Project Canterbury

Colonial Church Histories: New Zealand

Containing the Dioceses of Auckland, Christchurch, Dunedin, Nelson, Waiapu, Wellington, and Melanesia.

By Henry Jacobs

London: Society for Promoting Christian Knowledge, 1887.


The origin of this work may be told in a few words. The Most Rev. the Primate of New Zealand having received, somewhat more than two years ago, an intimation that the Society for Pro-moting Christian Knowledge had in view the publica-tion of a series of Histories of Provincial Churches of the Anglican Communion, together with a request that he would recommend a person qualified to fulfil the duties of writer or editor of that of the Church of the Province of New Zealand, laid this communication before the Bishops of the Province, when they were assembled at the last triennial session of the General Synod, held at Auckland in January and February, 1886. The Primate subsequently informed the Synod that their Lordships, having considered the subject, were agreed in thinking that such a History would be "most desirable"; and that they further recommended "that it should take the form of a Provincial History, together with a special chapter for each diocese, and that the Very Rev. the Dean of Christchurch be requested to act [iii/iv] as editor." The recommendation was accepted and confirmed by the Synod, and the writer then and there accepted the office. For the first three Parts of the book he is solely responsible, his strictly editorial work having been confined to the Fourth Part, which consists mainly of statistics of the seven dioceses. To have written a separate history of these would have involved a large amount of repetition, not to mention that the superabundance of material, in spite of the strongest efforts to compress, had already caused the Provincial History to overflow considerably the limits assigned to the whole work. Ere long, perhaps,--we may, at least, be forgiven for expressing the hope, --the Society may see its way to put forth a series of Histories of the several dioceses of which the Provinces of the Colonial Church are composed.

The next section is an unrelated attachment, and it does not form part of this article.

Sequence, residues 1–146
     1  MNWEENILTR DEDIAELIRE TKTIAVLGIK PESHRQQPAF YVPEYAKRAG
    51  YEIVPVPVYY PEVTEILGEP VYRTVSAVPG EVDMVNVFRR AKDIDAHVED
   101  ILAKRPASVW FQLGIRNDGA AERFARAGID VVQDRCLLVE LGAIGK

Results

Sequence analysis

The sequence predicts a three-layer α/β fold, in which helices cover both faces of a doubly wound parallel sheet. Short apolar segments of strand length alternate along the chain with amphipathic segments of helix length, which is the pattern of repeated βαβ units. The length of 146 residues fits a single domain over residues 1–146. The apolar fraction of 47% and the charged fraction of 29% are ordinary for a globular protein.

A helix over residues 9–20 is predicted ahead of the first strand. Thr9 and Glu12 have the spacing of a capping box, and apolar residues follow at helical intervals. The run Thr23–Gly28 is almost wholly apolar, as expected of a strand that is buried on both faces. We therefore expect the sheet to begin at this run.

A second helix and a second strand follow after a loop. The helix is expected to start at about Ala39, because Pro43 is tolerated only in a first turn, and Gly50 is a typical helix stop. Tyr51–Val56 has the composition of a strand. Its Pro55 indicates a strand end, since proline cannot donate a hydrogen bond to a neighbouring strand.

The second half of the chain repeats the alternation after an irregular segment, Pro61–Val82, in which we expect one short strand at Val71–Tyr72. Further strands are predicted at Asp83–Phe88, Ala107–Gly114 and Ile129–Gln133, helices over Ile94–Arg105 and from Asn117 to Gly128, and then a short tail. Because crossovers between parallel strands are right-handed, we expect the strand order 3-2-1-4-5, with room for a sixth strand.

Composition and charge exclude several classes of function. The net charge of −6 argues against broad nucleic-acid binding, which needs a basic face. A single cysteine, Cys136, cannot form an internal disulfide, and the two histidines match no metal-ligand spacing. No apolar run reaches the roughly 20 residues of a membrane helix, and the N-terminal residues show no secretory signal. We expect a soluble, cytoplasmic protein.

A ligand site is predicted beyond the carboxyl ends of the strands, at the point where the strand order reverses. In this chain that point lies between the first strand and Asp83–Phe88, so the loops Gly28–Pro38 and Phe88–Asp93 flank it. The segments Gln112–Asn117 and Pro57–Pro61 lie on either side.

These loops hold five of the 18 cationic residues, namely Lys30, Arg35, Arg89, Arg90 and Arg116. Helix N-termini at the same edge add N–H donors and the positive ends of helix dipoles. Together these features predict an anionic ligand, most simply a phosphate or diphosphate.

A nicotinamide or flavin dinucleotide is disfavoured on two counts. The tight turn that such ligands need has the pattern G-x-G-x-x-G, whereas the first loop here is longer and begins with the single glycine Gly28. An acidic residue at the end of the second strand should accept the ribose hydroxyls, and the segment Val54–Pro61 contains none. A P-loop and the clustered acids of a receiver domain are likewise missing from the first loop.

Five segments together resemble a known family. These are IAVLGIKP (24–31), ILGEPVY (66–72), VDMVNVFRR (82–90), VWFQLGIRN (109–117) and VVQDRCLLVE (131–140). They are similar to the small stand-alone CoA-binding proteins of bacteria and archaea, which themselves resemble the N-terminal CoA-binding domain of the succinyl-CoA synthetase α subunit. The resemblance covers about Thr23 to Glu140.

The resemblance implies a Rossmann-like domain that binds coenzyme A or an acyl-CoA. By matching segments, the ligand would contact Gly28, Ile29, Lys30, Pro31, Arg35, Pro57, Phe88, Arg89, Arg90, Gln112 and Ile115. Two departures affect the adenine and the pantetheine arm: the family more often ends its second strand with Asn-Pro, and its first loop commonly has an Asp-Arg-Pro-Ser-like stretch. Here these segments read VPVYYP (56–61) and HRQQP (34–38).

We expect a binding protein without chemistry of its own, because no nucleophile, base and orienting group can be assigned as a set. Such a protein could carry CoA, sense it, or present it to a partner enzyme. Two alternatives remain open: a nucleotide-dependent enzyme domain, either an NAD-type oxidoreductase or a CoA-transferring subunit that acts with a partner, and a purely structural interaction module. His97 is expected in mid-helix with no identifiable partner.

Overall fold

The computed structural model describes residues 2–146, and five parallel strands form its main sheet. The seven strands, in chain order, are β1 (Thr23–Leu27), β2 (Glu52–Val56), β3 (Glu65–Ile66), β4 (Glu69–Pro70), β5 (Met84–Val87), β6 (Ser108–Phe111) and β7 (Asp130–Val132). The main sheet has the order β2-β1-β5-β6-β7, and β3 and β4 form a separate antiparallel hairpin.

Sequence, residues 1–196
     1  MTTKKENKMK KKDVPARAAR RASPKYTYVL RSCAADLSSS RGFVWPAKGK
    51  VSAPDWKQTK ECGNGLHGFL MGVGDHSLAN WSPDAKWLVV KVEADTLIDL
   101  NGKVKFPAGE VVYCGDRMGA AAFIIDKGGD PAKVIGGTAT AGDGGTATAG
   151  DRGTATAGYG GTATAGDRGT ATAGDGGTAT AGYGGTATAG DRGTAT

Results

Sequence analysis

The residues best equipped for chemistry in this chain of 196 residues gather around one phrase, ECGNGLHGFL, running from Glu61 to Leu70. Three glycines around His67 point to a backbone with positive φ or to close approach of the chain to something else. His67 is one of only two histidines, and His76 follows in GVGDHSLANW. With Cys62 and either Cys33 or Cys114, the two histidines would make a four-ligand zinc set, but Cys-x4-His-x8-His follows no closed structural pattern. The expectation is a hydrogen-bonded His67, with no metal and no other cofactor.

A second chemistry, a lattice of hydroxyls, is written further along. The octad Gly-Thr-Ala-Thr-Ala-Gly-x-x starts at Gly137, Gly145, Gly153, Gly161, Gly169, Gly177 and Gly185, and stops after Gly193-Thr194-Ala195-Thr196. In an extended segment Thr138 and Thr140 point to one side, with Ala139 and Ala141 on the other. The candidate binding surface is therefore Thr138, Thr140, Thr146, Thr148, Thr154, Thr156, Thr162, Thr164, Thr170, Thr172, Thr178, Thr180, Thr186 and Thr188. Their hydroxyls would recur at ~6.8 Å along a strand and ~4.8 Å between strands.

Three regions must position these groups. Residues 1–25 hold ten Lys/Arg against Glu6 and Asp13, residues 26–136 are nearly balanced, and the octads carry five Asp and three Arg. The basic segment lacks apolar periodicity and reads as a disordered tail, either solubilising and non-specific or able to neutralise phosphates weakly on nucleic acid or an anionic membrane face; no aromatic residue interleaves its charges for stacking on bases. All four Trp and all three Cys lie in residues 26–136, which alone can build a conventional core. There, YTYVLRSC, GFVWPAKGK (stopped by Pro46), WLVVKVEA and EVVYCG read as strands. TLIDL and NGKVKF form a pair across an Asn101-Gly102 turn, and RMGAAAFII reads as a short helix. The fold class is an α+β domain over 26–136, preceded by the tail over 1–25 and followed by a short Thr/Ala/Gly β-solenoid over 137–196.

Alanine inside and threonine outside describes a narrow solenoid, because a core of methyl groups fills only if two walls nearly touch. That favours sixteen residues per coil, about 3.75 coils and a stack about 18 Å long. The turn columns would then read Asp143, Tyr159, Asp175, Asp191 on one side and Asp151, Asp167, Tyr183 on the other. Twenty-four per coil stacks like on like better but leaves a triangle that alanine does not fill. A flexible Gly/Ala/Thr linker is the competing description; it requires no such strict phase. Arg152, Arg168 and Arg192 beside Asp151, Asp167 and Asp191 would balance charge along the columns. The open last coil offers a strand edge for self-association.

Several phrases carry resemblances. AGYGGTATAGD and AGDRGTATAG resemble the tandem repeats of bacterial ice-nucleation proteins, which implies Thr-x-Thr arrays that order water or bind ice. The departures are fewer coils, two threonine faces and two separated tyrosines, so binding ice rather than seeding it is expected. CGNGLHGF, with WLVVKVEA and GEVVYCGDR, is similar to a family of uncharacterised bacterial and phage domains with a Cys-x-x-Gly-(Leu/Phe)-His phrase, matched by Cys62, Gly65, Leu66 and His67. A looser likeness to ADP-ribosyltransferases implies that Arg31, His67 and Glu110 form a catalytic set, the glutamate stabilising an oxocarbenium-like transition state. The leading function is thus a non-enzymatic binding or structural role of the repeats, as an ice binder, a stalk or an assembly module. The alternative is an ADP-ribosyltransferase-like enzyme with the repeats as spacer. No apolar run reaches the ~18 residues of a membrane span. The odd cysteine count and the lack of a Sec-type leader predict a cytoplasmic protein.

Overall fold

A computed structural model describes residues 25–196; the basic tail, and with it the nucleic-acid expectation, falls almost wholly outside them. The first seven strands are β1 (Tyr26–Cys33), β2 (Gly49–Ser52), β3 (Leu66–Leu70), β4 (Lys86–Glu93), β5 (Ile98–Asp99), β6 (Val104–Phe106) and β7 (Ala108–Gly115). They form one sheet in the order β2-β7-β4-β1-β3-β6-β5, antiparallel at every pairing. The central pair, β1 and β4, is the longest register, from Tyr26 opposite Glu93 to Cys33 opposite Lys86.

The plan of the work will be found exceedingly simple. The History of the Church of the Province of New Zealand divides itself naturally into three portions:--I. THE MISSIONARY PERIOD, extending from the first evangelisation of the natives of the Bay of Islands by the agents of the Church Missionary Society, under the advice and direction of the Rev. Samuel Marsden, to the appointment of the Bishop of New Zealand. II. THE PERIOD OF ORGANISATION, beginning with that event, and extending to the framing of the Church Constitution [iv/v] in 1857, showing how the Constitution was built up. III. THE PERIOD OF SUBSEQUENT GROWTH AND DEVELOPMENT, extending to the present date, and showing how the Constitution has hitherto worked. The Fourth Part contains information, more or less full and complete, as to the present state of each of the dioceses, including the missionary diocese of Melanesia, and will be useful, it is hoped, not only to many at the present time, but as a means of comparison in the future. The present condition of the Maori portion of the Church in the several dioceses is briefly treated of in the concluding chapter.

The pleasant duty remains of acknowledging, as the writer desires to do very heartily, the obligations he is under to those from whom he has received assistance, amongst whom he is bound to mention, first and foremost, the name of his friend, the Ven. Archdeacon Williams, of Gisborne. The Most Rev. the Primate, the Right Rev. the Bishops of Nelson, Auckland, Wellington, Dunedin, Waiapu, and Melanesia have all rendered kind and valuable assistance and encouragement. The writer's thanks are due, in particular, to the Lord Bishop of Nelson. To the above he gratefully adds the names of the Hon. Colonel Haultain, the first to supply him, spontaneously, with sundry useful documents; the Ven. Archdeacons Maunsell and B. T. Dudley, of Auckland; the Ven. Archdeacon Stock and the Rev. [v/vi] T. Fancourt, of Wellington; the Revs. F. Knowles and J. W. Stack, of the diocese of Christchurch; the Rev. Algernon Gifford, of Oamaru; and T. M. Hocken, Esq., M.D., of Dunedin. His indebtedness to the writings of those who have preceded him in the track of New Zealand history will be found acknowledged in the course of the work.

H. J.
The Deanery
Christchurch New Zealand
October 15th, 1887

Project Canterbury